Prime Minister Boris Johnson could have to legislate for direct rule in Northern Ireland if the UK leaves the EU without a deal.
Foreign Secretary Dominic Raab, effectively Mr Johnson's deputy prime minister, said legislation would need to be considered if there was a no-deal Brexit so there would not be a "vacuum" in Northern Ireland.
Leading think tank, The Institute for Government (IfG) has recommended that legislation would need to be in place for the introduction of direct rule "given the scale and the speed of the interventions likely to be necessary" in the case of a no-deal exit.
The IfG added: "This will be extremely contentious, but without it Northern Ireland will be left even more exposed to the economic shocks of a no-deal Brexit than it is currently. That would itself raise the risk of all political backlash."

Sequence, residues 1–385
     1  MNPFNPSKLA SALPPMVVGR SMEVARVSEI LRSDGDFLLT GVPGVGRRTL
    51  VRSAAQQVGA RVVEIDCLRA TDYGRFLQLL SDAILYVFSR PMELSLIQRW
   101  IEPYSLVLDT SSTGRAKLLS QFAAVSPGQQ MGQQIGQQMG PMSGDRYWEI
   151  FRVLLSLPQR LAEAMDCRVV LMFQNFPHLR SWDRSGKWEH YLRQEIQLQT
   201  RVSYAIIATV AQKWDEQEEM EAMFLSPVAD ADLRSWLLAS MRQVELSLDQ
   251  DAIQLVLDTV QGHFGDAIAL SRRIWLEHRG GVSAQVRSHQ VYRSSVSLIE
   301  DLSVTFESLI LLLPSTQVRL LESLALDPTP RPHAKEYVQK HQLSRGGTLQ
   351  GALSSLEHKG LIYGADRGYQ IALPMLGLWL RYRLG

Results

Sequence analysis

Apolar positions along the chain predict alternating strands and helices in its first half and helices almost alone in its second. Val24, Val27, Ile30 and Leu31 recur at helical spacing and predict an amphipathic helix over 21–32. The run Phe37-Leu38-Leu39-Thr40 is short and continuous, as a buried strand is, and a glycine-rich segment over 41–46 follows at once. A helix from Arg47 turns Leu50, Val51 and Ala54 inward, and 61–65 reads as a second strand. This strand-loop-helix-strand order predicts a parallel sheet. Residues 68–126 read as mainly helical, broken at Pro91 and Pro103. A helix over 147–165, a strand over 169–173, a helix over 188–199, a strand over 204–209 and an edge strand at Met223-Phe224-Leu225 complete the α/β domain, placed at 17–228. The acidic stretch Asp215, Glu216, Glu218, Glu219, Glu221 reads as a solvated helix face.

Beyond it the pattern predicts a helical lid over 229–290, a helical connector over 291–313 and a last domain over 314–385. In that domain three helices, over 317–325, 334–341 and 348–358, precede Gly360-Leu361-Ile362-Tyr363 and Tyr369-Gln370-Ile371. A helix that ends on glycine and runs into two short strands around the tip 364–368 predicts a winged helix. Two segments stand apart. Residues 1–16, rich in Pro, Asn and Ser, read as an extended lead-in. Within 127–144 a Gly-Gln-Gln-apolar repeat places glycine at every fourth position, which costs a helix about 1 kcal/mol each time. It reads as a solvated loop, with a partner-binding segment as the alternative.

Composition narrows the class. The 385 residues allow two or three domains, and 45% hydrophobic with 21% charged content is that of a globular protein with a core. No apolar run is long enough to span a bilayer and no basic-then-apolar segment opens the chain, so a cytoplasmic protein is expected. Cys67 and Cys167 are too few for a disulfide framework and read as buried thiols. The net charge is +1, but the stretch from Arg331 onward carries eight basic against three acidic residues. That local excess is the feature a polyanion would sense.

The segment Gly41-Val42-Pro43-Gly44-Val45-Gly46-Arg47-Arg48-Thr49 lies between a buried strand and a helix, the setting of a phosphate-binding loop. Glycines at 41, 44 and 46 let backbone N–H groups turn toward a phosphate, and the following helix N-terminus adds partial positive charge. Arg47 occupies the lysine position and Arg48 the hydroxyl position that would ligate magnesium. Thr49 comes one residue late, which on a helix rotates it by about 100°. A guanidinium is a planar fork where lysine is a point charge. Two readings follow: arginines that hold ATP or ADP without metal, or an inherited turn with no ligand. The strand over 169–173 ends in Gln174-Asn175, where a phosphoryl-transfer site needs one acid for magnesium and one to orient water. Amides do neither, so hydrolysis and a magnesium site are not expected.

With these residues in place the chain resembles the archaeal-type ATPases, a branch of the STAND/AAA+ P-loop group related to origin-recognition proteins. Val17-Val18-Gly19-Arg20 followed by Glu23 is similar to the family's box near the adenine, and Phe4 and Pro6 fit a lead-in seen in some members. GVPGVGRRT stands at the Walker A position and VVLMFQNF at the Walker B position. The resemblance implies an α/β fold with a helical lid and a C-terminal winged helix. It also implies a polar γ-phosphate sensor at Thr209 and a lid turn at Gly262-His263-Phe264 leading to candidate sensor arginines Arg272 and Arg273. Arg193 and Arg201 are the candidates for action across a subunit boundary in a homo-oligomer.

Asked whether direct rule could be done without legislation, Mr Raab told BBC Radio 4's Today programme that the question is "the extent to which it can be done".
He added: "What I'm saying is we will make sure the arrangements are in place to make sure all the risks across all quarters of the United Kingdom, but particularly in relation to Northern Ireland, can be addressed and managed in as sensible and as smooth a way as possible.
"And we are mindful, of course, of the sensitivities in Northern Ireland. The number one thing we have made clear is there will be no return to a hard border and no extra infrastructure."
PM Boris Johnson is expected to visit Northern Ireland in the near future following the announcement of an extra £300m of investment in parts of Northern Ireland, Scotland and Wales.
However, speaking outside Stormont, Sinn Féin's deputy leader, Michelle O'Neill, said direct rule would be "unacceptable".
"Direct rule is not acceptable and we're not going backwards," she said. "We can only go forwards.
"The St Andrew's agreement removed the ability for the British government to go backwards and to roll back on direct rule. So it's not acceptable to me and it certainly wouldn't be acceptable to the Irish government, I would expect also."